This lecture shows a major problem with aggregating social preferences.
- Suppose we have a group of individuals with rational (complete and transitive) preferences. Many seemingly sensible rules for aggregating these preferences can result in irrational social preferences. Majority rule is one of these.
- For example, suppose Marco prefers A to B to C, Ted prefers B to C to A, and Donald prefers C to A to B. Consider how majority rule would determine the group’s preference between A and B. Marco and Donald prefer A to B, and thus majority rule means the group prefers A to B. Now consider the group’s preference between B and C. Marco and Ted prefer B to C, and thus majority rule means the group prefers B to C. Finally, consider the group’s preference between A and C. Ted and Donald prefer C to A, and thus majority rule means that the group prefers C to A.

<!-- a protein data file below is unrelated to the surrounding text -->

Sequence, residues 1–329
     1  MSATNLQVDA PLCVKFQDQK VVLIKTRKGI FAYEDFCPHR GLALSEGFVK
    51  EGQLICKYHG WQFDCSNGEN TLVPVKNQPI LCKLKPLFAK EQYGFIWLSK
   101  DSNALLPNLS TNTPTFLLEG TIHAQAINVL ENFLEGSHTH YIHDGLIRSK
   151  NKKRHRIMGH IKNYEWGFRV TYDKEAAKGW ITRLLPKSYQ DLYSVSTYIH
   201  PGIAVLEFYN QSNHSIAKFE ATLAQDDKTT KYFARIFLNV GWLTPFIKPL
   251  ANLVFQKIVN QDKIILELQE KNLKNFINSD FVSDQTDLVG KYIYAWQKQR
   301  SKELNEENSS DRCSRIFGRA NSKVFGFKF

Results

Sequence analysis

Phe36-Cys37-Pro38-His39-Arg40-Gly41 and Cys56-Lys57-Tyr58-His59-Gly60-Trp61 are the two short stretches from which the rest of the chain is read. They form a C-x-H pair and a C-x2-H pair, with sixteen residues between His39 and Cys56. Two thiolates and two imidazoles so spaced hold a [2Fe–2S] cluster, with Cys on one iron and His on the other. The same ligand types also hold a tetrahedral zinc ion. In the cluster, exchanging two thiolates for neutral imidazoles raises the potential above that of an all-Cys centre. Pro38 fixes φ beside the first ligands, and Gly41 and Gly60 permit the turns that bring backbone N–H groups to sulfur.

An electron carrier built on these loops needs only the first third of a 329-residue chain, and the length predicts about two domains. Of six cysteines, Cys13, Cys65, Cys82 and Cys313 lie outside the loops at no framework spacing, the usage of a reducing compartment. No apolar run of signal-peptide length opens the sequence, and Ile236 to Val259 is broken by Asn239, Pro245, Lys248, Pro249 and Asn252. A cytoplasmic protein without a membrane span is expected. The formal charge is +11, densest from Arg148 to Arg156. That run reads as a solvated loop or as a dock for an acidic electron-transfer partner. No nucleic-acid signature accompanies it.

- Combining these preferences together, the group prefers A to B, B to C, and C to A. Despite no individual having a preference cycle, their collective preference cycles!
- Marquis de Condorcet was the first person to point out this problem with majority rule. We therefore call the disconnect between individual and social preferences Condorcet’s paradox.
- Other methods of preference aggregation can sidestep the paradox. However, all other solutions come with problems of their own. See Arrow’s impossibility theorem.
- We consequently need to be careful about modeling group preferences in a game theoretical context.